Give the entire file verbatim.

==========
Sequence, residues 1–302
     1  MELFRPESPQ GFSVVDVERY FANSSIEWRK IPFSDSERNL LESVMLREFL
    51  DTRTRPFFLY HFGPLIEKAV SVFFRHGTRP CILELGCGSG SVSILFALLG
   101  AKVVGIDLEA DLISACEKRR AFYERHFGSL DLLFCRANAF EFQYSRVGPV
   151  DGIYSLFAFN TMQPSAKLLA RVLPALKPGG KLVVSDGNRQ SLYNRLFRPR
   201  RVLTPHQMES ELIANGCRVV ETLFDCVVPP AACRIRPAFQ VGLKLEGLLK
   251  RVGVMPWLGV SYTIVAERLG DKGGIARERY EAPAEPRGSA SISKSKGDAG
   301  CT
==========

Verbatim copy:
Sequence, residues 1–302
     1  MELFRPESPQ GFSVVDVERY FANSSIEWRK IPFSDSERNL LESVMLREFL
    51  DTRTRPFFLY HFGPLIEKAV SVFFRHGTRP CILELGCGSG SVSILFALLG
   101  AKVVGIDLEA DLISACEKRR AFYERHFGSL DLLFCRANAF EFQYSRVGPV
   151  DGIYSLFAFN TMQPSAKLLA RVLPALKPGG KLVVSDGNRQ SLYNRLFRPR
   201  RVLTPHQMES ELIANGCRVV ETLFDCVVPP AACRIRPAFQ VGLKLEGLLK
   251  RVGVMPWLGV SYTIVAERLG DKGGIARERY EAPAEPRGSA SISKSKGDAG
   301  CT